Grower Passionate to Save Agriculture
by Patricia McCoy
Capital Press, December 18, 2008
Farming is a full-time job, but Robert Blair believes it's time for farmers to educate people about where their food and fiber comes from.
That drive keeps him busy off the farm as much as on it.
He's especially concerned by environmentalists' efforts to get rid of various dams on the Columbia River system, the very dams that provide agriculture with irrigation water, electrical power and a barge system to take their crops to market.
"Agriculture contributes 30 percent of the Lewiston economy, while another 20 percent comes from timber. The income we make from our crops lets us support restaurants, vehicle dealers and all the other businesses in the area," said Blair, who farms about 20 miles from Lewiston, Idaho, near Kendrick.
Idaho sells almost its entire grain crop out of state and overseas. It would take 700,000 trucks to replace all the barges needed to haul the crop down the Snake and Columbia rivers to Portland, he said.
"That's over 1,100 trucks a day that would be needed just to haul the grain," Blair said. "It's not just about the dams alone; it's also about the environment and fuel. We talk about wanting to solve the energy crisis, so why would we want to take out the dams? You'd think people could understand that, but look at how environmentalists stopped timber harvest, introduced wolves and designated and retained roadless areas."
As a grower, those thing are scary, Blair said.
"We farmers are the true conservationists. We're dealing with radical organizations whose main objective is to get rid of our industry," he said. "I say if they wanted to bring wolves back they should have put them everywhere they once roamed, including San Francisco and Central Park in New York City."
He said agriculture hasn't done a good job of speaking out for itself. Farmers are busy trying to farm, coach Little League, serve on school and church boards and support their communities in other ways. Concern over issues like saving the dams has driven Blair to serve on the executive board of the Idaho Grain Producers Association and work with the Idaho Farm Bureau, as well as serve locally. He serves on the agricultural committee for the Lewiston Area Chamber of Commerce.
Blair also teaches the laboratory part of a course on precision agriculture at the University of Idaho called Ag Systems Management 305. That involves hands-on training in how to use various technologies. UI students come to his farm for instruction.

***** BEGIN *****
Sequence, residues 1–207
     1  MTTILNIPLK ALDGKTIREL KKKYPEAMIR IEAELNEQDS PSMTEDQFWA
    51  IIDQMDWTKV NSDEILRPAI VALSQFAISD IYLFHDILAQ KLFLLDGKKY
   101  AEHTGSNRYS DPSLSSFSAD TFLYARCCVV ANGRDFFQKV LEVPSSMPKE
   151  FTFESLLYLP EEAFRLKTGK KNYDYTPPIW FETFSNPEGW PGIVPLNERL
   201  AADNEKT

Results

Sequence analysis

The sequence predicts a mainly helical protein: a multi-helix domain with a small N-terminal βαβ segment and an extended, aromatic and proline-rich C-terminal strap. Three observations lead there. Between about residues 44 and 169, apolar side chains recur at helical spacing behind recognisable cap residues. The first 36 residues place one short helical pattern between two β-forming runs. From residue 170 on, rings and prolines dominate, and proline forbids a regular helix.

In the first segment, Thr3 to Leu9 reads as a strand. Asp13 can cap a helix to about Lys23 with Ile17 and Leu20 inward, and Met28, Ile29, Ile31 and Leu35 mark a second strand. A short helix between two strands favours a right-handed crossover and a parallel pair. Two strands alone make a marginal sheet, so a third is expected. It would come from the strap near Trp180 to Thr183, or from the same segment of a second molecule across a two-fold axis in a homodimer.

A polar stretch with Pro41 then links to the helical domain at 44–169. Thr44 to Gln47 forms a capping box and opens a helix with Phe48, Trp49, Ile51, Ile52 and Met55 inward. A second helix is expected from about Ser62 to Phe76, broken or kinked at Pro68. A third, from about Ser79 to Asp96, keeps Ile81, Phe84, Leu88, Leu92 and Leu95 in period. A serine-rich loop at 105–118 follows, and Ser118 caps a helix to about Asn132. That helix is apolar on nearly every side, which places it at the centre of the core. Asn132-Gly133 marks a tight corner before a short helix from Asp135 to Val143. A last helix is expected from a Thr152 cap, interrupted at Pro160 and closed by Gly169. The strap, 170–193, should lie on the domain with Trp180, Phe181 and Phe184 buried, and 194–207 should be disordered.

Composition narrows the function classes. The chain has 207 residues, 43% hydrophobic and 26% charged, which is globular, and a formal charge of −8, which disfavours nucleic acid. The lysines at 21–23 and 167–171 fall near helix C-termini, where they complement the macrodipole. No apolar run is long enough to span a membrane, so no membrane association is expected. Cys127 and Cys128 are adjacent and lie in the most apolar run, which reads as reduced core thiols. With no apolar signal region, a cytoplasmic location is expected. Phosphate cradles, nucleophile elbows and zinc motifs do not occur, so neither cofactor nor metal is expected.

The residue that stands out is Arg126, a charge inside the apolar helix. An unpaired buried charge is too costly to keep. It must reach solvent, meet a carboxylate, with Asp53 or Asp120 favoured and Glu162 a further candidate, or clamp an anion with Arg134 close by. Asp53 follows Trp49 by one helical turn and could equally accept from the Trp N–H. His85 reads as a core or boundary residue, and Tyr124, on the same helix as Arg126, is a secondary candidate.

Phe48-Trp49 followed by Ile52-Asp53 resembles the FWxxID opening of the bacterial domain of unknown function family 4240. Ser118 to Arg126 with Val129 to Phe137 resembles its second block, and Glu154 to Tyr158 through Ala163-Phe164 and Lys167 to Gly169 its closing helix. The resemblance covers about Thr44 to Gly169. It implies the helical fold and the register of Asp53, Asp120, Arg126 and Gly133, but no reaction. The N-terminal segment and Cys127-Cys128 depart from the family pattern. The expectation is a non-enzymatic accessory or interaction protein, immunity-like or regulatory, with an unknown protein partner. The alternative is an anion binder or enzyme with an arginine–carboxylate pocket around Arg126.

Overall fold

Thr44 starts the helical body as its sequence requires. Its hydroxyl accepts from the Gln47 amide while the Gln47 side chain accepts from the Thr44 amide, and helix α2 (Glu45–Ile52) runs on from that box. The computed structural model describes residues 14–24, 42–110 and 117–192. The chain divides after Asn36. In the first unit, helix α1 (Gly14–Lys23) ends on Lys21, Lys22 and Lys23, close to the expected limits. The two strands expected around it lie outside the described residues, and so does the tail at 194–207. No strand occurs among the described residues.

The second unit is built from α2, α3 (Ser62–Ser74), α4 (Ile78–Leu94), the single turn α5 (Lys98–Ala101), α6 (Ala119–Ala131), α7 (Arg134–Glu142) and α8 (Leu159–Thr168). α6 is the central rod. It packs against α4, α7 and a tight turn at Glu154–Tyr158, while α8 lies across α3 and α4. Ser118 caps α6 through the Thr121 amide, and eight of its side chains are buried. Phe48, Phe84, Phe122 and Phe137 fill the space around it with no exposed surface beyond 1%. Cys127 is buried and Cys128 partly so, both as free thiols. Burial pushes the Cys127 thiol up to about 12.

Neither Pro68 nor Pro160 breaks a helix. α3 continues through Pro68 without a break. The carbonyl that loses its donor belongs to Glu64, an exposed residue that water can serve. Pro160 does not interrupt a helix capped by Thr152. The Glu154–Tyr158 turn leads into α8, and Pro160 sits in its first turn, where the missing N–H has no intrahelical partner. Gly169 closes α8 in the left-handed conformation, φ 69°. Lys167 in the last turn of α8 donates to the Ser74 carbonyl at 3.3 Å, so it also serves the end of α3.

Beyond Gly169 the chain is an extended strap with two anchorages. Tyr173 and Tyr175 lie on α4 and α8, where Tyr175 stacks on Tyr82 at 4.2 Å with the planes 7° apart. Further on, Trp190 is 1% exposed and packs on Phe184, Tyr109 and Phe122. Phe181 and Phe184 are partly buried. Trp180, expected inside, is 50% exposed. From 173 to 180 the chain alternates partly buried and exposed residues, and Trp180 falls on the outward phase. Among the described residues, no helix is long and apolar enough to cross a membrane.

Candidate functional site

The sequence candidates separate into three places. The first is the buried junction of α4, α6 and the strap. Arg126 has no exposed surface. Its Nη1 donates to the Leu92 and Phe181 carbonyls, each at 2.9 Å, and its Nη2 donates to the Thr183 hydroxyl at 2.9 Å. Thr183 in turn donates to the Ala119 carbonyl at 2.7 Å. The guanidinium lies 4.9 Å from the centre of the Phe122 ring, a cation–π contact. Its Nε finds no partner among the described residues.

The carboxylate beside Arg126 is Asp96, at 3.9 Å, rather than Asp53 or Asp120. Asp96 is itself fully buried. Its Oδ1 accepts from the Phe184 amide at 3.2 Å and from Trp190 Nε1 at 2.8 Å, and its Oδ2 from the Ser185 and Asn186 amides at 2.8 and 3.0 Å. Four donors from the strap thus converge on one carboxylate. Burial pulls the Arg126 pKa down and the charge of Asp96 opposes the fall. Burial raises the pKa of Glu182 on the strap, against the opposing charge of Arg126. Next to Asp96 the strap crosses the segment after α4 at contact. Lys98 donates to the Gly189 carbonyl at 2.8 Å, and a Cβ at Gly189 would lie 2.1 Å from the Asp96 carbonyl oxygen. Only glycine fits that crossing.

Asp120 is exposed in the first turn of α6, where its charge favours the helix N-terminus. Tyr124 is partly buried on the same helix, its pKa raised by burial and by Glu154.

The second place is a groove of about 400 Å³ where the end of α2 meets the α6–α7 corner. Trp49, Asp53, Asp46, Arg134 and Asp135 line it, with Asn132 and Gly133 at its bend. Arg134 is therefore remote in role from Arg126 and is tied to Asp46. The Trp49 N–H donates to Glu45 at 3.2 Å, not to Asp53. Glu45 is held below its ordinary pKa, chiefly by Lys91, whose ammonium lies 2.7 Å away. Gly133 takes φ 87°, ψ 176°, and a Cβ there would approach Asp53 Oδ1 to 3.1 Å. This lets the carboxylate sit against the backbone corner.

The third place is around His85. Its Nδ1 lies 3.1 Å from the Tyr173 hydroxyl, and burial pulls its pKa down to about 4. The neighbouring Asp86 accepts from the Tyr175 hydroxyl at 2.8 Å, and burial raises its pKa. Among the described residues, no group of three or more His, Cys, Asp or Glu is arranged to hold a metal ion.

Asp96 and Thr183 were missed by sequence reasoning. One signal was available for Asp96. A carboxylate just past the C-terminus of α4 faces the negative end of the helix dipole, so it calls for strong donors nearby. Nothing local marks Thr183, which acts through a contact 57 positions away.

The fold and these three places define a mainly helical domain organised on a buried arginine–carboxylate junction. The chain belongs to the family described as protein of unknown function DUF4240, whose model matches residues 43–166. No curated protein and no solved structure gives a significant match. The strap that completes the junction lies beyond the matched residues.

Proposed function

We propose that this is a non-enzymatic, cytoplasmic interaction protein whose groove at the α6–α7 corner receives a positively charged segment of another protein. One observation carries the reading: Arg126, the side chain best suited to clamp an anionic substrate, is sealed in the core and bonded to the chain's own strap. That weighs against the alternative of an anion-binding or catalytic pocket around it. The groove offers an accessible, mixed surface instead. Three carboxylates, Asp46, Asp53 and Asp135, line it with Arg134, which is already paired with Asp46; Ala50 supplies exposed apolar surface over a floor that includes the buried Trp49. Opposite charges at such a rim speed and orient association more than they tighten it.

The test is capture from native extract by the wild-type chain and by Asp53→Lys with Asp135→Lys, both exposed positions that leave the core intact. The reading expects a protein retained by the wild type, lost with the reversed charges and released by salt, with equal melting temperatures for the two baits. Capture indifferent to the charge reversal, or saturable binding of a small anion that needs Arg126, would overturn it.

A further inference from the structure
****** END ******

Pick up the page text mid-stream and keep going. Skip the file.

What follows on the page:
"We need to get our voice out to survive. That takes time," he said. "We already have several federal agencies and our bankers telling us what we can or can't do. We don't need environmentalists running us as well."
Blair farms 1,500 acres, raising wheat and legumes on dryland. He also has a few head of cattle and 12 acres of alfalfa. He's trying alfalfa seed to give himself another rotation crop to lower disease pressures and improve sustainability. He also uses a lot of precision agriculture technology, such as no-till.
"We can't control yields or prices, so I'm trying to use modern technology to cut my costs. It's the wave of the future," Blair said.
Travis Jones, executive director of the Idaho Grain Producers Association, said Blair is an innovator and an idea guy.
"Robert is always on the cutting edge and tirelessly energetic," Jones said. "Whatever he puts his mind to, he does, at 110 percent. He's involved in a lot of things, but shortchanges none of them. He's also extremely trustworthy and puts quality into all he does."
Steve Johnson, UI director of alumni relations, said it's no surprise that Blair utilizes new technologies.
"He'll make them work and work to his advantage," Johnson said. "He definitely is an innovator."
Blair is working for the next generation.
"I have two boys," he said. "My main objective is to give them what my dad gave me - the opportunity to farm."
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